The bridges thou dost lay where men desire
In vain to build.
O Heart, when Love’s sun goes
To northward, and the sounds of singing cease,
Keep warm by inner fires, and rest in peace.
Sleep on content, as sleeps the patient rose.
Walk boldly on the white untrodden snows,
The winter is the winter’s own release.
- Helen Hunt Jackson
I am not a big fan of snow. Mostly because there are no insects in the snow. But it sure is pretty! When I was in the southern hemisphere, I posted photos of flowers for folks in the northern hemisphere. Now that I am in the northern hemisphere, here are some pictures of snow for folks in the southern hemisphere.
I learned to ski in the Rocky Mountains. I’m passionately in love with downhill skiing, naturally, and I love skiing on ice. I love that sound your skis make when they have no traction as they skid over rough ice: shhhhhhiik!
But I’m living in Pennsylvania now and, although there is some downhill skiing, there isn’t really any…you know, downhill skiing. Not compared to Colorado anyway. So I figured it would be any easy thing to transfer to cross-country skis. Not so!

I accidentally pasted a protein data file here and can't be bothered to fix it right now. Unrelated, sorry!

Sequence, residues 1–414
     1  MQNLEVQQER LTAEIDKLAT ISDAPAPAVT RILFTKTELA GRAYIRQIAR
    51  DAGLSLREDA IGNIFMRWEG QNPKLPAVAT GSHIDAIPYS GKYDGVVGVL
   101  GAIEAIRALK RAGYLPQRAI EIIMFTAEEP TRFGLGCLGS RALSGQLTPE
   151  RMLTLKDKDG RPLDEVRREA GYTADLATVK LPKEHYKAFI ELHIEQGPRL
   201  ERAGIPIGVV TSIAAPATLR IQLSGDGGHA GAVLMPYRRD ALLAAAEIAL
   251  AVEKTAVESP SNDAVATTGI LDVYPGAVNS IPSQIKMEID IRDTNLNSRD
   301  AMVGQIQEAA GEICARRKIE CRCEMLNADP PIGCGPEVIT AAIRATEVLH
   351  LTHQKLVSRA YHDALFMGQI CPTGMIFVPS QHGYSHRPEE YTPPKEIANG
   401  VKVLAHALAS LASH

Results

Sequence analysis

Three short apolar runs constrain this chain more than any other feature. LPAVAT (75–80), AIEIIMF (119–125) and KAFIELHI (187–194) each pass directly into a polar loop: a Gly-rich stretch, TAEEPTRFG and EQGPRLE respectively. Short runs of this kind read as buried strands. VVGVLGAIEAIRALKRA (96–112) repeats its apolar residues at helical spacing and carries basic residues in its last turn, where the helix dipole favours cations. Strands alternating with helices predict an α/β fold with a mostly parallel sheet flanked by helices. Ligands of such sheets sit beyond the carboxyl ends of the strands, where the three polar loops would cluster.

The first time I went cross-country skiing, there was a meter of snow on the ground. Which was lucky, since I must have fallen 14 times in the first hour. As I quickly learned, cross-country skis attach to your feet differently, respond to your weight differently, and do not turn or stop in the same ways as downhill skis.
So when I tried to go around a bend, FWOMP! into the powder, I went.
When I tried to slow down going down a slope, FWOMP! into the powder, I went.
It was about 10 degrees F (about -12 C), but after a few hours I had worked up quite a sweat. I was hot enough to peel off my jacket, then my sweater, then my gloves.
The next time I went FWOMP! into the powder, I came up gasping. I had never been so cold, so fast before.
One time, as I wobbled, trying to get my balance, I windmilled my arms and (gracefully) flung my pole 15 feet into the forest.